The National Pork Producers Council has indicated its opposition to climate change legislation, which it said will raise the cost of pork production. The NPPC made their comments in a letter sent to House Agriculture Committee Chairman Collin Peterson, D-Minn., and Ranking Member Frank Lucas, R-Okla.
The “American Clean Energy and Security Act of 2009,” H.R. 2454, could come up for a vote in the House of Representatives next week. Among other things, the bill would set a limit, or cap, on the amount of greenhouse gases that specific large industries such as energy utilities could release to the atmosphere.
A business that has an emissions amount that falls below its cap could sell the unused amount up to the cap as offset credits; one that exceeds its cap would need to buy credits or reduce its emissions. In addition, uncapped sectors could sell offset credits for adopting practices and technologies that reduce emissions. H.R. 2454 treats agriculture as an uncapped sector.
“America’s pork producers are intensely concerned over any policy proposals that will further raise the cost of production,” said NPPC. “In particular, producers fear the impact that H.R. 2454 will have on the cost of electricity, diesel fuel, grain, propane, animal health products, fertiliser, chemicals, farm equipment and materials such as steel and concrete that are necessary for the continued operations of their farms and well-being of their animals.
“Pork producers are already losing money for every pig sold – currently about $30 per hog – and any additional costs will drive them deeper and more firmly into financial despair.”
NPPC anticipates an increase in energy and input costs of more than 20% under the proposed climate change legislation, and it doesn’t believe that revenues from the sale of greenhouse gas offset credits will balance that increase. In addition, the organisation is wary of the impact the legislation would have on pork producers’ ability to compete fairly in world export markets.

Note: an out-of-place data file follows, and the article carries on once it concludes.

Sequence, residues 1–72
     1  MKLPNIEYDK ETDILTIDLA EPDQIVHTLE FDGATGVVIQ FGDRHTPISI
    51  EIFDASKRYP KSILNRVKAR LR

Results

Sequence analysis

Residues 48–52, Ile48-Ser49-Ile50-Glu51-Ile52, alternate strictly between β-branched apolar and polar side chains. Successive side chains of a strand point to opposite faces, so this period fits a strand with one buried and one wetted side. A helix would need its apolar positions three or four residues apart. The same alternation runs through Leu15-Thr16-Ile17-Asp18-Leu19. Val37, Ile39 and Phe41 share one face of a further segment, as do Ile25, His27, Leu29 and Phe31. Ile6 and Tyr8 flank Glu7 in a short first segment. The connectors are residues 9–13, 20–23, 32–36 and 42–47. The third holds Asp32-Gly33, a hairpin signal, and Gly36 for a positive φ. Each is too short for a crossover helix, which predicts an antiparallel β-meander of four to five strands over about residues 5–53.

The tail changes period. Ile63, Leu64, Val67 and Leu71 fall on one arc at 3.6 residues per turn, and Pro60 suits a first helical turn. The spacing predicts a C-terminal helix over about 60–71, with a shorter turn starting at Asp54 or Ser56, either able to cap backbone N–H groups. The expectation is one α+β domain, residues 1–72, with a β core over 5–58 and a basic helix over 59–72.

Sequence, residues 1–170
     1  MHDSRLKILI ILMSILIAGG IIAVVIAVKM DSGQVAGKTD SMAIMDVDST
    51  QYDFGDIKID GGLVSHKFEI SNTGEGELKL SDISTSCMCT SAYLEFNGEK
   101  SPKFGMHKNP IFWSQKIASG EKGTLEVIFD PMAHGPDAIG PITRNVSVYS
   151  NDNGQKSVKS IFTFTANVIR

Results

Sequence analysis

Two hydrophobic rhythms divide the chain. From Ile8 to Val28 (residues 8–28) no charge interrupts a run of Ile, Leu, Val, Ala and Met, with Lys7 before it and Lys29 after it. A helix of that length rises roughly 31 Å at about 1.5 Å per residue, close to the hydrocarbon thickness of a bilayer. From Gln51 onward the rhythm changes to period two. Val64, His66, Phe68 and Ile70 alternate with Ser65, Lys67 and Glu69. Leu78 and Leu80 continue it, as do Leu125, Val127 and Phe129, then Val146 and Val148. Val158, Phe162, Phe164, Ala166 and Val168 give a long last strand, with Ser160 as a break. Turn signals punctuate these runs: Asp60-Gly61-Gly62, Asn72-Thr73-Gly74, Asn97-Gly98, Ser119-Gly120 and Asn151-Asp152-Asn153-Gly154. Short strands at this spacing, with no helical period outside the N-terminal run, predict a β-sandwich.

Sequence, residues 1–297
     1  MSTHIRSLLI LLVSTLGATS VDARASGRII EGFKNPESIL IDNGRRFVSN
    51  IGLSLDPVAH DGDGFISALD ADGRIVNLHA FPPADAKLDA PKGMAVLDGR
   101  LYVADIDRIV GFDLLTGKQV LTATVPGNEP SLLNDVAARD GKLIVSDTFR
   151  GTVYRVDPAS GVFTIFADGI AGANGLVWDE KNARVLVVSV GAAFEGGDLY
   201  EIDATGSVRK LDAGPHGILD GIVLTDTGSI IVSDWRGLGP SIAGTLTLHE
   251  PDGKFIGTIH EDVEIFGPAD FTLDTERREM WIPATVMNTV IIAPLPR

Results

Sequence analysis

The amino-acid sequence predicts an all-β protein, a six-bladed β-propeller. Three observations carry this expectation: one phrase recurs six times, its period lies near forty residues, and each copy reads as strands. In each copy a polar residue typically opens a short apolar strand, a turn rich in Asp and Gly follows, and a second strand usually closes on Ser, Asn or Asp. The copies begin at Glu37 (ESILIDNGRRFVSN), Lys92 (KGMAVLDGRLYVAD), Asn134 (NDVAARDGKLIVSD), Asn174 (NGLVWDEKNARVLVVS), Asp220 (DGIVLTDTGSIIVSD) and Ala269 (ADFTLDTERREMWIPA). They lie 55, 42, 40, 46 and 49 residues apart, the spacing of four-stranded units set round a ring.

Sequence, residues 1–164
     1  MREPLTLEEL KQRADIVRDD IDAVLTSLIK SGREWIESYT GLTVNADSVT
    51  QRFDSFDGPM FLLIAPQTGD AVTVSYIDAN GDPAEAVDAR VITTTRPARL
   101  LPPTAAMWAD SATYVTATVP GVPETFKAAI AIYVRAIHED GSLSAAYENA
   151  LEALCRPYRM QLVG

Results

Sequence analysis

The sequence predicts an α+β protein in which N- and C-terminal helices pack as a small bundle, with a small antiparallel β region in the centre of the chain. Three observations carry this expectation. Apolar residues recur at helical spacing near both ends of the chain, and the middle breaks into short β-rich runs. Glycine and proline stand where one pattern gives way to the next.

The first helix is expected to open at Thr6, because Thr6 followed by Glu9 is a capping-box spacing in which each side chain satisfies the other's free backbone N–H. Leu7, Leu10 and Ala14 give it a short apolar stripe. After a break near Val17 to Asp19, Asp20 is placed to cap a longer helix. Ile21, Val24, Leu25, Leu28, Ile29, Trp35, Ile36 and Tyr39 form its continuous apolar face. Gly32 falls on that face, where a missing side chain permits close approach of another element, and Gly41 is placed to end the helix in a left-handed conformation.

If Congress insists on passing a climate change bill, said NPPC, a number of areas in the bill must be improved before the organisation could support it, including that the bill designate the US Department of Agriculture, rather than the Environmental Protection Agency, as the lead agency on the design and implementation of the agricultural greenhouse gas offset credits program and on the development of any regulations affecting livestock producers.
The bill also needs to more clearly address and account for the tremendous advances that livestock producers already have made in reducing their carbon footprint. NPPC pointed out that since 1990 production agriculture’s greenhouse gas emissions have increased only 3.5% while US meat production has increased 40%; since 1948, manure generated by US meat-producing animals has been reduced 25% while production of meat has increased 700%.